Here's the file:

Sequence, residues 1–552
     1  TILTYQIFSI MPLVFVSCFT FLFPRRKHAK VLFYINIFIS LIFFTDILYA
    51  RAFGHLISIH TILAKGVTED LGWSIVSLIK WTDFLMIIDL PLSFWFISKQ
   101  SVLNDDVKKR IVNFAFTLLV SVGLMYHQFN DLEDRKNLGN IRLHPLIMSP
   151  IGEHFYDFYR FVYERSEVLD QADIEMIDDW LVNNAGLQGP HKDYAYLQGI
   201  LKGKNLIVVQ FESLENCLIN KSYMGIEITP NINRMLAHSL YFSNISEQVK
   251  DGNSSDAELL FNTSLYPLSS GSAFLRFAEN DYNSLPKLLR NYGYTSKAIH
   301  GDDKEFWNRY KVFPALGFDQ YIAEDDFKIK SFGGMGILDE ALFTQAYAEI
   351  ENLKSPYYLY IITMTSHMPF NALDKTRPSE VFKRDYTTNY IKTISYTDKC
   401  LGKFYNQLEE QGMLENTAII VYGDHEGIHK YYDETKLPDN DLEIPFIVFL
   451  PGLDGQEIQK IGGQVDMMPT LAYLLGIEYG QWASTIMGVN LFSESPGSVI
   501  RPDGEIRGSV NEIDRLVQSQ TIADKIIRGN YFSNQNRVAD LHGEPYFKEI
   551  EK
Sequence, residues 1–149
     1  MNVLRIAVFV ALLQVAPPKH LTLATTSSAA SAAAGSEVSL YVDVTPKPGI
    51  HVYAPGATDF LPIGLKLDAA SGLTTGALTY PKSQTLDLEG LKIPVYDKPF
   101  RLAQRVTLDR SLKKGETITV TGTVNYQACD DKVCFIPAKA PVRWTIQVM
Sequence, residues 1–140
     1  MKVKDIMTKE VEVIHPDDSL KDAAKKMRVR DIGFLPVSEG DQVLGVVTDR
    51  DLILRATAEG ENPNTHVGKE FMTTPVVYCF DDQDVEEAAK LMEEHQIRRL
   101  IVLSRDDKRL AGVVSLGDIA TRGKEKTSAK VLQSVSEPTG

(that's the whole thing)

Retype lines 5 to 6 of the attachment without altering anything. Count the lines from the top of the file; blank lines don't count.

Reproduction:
   151  IGEHFYDFYR FVYERSEVLD QADIEMIDDW LVNNAGLQGP HKDYAYLQGI
   201  LKGKNLIVVQ FESLENCLIN KSYMGIEITP NINRMLAHSL YFSNISEQVK